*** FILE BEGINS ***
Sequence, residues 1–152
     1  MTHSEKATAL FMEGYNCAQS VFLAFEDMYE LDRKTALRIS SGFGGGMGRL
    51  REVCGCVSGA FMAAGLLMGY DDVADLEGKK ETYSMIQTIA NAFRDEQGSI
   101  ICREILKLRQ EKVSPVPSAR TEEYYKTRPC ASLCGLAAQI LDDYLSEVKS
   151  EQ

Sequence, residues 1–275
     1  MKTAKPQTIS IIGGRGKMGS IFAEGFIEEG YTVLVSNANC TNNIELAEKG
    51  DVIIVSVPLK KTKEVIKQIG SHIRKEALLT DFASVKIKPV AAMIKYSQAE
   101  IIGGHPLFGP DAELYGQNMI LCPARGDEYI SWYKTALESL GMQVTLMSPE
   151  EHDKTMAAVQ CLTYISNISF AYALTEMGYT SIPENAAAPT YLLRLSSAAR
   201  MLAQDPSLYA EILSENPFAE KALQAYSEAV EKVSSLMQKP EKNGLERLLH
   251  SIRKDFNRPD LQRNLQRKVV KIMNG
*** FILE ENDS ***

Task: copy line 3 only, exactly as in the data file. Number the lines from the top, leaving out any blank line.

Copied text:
    51  REVCGCVSGA FMAAGLLMGY DDVADLEGKK ETYSMIQTIA NAFRDEQGSI